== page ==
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December 4, 1995

UNITED STATES OF AMERICA against RAFAEL CRUZ, a/k/a "Esa," Defendant.

The opinion of the court was delivered by: HAIGHT


 HAIGHT, Senior District Judge:

 In Counts One and Two of the two-count superseding indictment this case, defendant Rafael Cruz is charged with conspiracy to distribute and to possess with the intent to distribute heroin in violation of 21 U.S.C. §§ 812, 841(a)(1), 841(b)(1)(A), and 846, and with the use of a firearm during and in relation to a drug trafficking crime in violation of 18 U.S.C. §§ 924(c) and 2. By Notice of Motion dated November 17, 1995, Cruz moved this Court to dismiss the instant indictment under the Speedy Trial Act, 18 U.S.C. § 3161, and the Fifth and Sixth Amendments to the United States Constitution on the ground that he has been denied his right to a speedy trial. I denied that motion in an oral ruling on November 27, 1995. This opinion sets forth the Court's reasons.


 On September 30, 1994, defendant was charged as one of 19 defendants in a 78-count superseding indictment involving the C&C criminal organization. S1 94 Cr. 313. On October 3, 1994, Cruz was arraigned and pled not guilty.

 On October 19, 1994, Cruz filed a motion seeking various forms of discovery relief, the dismissal of the two counts against him and, alternatively, severance from his codefendants. On October 26, 1994, this Court gave the government permission to extend its reply date until November 14, 1994. Prospective orders of exclusion of time were made under the Speedy Trial Act, 18 U.S.C. § 3161 et seq. (the "Act"), to accommodate these motions.

 On December 8, 1994, the government agreed to sever Cruz's case from that of his codefendants. With Cruz's explicit consent, time under the Act was prospectively excluded from that date until the conclusion of the trial of Angel Padilla, the principal architect of the C&C organization. Transcript of December 8, 1994 Pre-Trial Conference ("Tr.") 6-11.

 The jury in the Padilla trial reached a verdict on May 17, 1995. On that day this Court issued an order scheduling a status conference for Cruz on May 25, 1995 and excluding time until that conference. The defendant appeared with counsel, Manuel Zapata, Esq., at the May 25, 1995 conference. Counsel informed the Court that he planned to make a motion to supplement the one he had filed on October 19, 1994, which had not been decided. Time was therefore excluded from May 25 through June 23, 1995, the date on which the government's response to the motion was due. Cruz filed the supplemental motion on June 9, 1995; on June 22, 1995, Cruz consented to and the Court ordered an extension of time for the government's response until June 28, 1995. Meanwhile, on June 25, a trial was scheduled for Cruz for July 17, 1995. The government filed its response papers to both of Cruz's pending motions -- dated October 19, 1994 and June 9, 1995 -- on June 30, 1995.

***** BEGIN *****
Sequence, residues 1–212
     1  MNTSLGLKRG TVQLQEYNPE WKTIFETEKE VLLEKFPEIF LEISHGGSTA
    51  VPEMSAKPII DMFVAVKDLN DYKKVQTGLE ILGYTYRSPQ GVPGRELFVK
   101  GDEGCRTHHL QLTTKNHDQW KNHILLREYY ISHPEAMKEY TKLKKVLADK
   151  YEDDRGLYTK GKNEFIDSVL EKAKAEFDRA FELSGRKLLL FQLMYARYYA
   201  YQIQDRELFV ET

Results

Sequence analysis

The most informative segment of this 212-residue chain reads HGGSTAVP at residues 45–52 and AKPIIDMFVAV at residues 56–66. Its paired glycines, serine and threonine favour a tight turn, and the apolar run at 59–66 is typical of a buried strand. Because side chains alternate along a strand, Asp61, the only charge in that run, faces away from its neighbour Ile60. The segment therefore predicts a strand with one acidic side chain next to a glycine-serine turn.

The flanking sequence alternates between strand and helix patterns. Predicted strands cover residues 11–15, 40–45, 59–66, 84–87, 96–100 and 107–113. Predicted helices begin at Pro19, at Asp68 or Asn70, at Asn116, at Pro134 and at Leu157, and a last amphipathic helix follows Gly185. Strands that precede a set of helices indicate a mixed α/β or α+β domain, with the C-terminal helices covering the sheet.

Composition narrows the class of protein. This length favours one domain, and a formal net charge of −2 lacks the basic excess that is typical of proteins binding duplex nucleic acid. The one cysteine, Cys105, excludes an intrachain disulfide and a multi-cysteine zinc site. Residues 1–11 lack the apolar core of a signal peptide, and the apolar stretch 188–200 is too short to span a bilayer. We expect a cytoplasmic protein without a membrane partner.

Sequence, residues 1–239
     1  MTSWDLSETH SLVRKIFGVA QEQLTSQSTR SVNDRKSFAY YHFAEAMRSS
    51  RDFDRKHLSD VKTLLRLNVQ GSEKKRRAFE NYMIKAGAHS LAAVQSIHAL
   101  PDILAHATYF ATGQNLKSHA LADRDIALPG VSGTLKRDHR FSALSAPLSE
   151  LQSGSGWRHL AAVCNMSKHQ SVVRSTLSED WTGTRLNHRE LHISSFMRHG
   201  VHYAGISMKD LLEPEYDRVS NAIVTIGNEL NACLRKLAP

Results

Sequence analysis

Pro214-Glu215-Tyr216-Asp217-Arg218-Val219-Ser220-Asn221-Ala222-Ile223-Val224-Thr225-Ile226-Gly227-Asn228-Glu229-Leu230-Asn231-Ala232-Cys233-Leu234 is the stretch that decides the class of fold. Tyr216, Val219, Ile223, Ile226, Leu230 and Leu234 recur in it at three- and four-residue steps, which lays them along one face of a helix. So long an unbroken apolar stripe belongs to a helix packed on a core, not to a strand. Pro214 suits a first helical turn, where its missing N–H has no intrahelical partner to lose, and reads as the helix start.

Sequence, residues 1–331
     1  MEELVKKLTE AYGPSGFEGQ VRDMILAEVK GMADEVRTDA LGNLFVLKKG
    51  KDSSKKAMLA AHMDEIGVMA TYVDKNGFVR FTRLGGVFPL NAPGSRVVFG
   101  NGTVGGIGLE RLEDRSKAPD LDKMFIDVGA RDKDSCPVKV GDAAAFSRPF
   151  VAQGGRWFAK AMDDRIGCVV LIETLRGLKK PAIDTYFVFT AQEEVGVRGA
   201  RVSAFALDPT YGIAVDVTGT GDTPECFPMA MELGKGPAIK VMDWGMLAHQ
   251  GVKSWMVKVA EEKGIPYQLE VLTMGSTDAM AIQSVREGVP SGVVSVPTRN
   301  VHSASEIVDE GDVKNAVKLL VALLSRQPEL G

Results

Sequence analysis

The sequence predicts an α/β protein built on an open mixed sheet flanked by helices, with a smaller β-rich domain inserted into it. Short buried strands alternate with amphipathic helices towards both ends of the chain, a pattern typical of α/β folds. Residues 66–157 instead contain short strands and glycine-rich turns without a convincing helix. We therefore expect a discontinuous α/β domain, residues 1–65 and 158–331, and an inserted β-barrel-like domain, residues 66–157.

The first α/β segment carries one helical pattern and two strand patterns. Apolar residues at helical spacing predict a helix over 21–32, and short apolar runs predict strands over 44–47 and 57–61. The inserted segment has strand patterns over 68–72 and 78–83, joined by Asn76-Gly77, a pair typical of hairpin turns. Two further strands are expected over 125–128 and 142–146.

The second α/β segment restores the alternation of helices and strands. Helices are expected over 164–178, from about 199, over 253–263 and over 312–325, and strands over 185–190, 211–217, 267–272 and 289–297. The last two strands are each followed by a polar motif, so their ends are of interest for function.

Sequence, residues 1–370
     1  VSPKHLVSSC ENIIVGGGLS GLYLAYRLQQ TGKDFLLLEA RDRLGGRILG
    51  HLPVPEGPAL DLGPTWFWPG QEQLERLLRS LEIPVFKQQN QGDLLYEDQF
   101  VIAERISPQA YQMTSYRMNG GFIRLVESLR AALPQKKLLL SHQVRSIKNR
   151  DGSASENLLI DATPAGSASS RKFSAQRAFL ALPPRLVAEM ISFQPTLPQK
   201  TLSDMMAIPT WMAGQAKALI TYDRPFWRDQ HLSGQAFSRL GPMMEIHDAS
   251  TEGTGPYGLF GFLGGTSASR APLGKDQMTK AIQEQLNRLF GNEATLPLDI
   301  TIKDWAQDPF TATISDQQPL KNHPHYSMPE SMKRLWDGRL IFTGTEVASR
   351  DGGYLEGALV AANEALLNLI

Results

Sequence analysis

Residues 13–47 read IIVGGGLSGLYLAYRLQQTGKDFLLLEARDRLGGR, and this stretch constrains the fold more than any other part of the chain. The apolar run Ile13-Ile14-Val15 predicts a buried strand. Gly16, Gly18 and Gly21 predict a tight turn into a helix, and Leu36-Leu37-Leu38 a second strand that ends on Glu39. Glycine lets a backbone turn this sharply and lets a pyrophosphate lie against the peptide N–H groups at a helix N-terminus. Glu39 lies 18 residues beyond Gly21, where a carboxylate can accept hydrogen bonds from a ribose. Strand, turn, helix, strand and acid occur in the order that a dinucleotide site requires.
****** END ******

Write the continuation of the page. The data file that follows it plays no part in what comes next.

On July 10, 1995, the Court held a pretrial conference with Cruz and the government to address concerns raised by the government about a possible conflict of interest facing Cruz's trial counsel, Zapata. I reserved decision on the issue on that day, and prospectively excluded all time needed to decide the question. The issue was argued before the Court on July 28, 1995; decision was again reserved. On August 3, 1995, I issued a Memorandum Opinion and Order granting the government's application to disqualify Zapata. By separate order on August 3, 1995, the Court excluded time through September 6, 1995, so that successor counsel could confer with defendant about the case.

 On September 6, 1995, the Court ordered exclusion of time until September 8, due to defendant's inability to appear at a scheduled conference. On September 8, 1995, Cruz appeared before the Court for a status conference with new counsel, Jerry Vasquez, Esq. Successor counsel requested and was granted leave to file his own pretrial motions. At that conference the Court rescheduled defendant's trial for November 6, 1995, and prospectively excluded time until that date. In the interim period, Vasquez filed on Cruz's behalf a pretrial motion which, counsel advised the Court in a telephone conversation with chambers on October 17, 1995, was intended to supersede the still-undecided motions filed by original trial counsel, Zapata. I decided that motion on October 20, 1995. On October 30, a Grand Jury returned a superseding indictment against Cruz, including the same charges as were in the 78-count superseding indictment against the C&C organization.

 On November 6, 1995, the day on which defendant's trial was scheduled to begin, defense counsel informed the Court that he would be unable to proceed on that date for medical reasons. The Court adjourned the trial to November 20, 1995, and prospectively excluded all time until then. Cruz made this application on November 17, 1995, alleging that the government and the Court have violated his right to a speedy trial by failing to respond to and decide his motions of October, 1994 and June, 1995 in a sufficiently timely manner.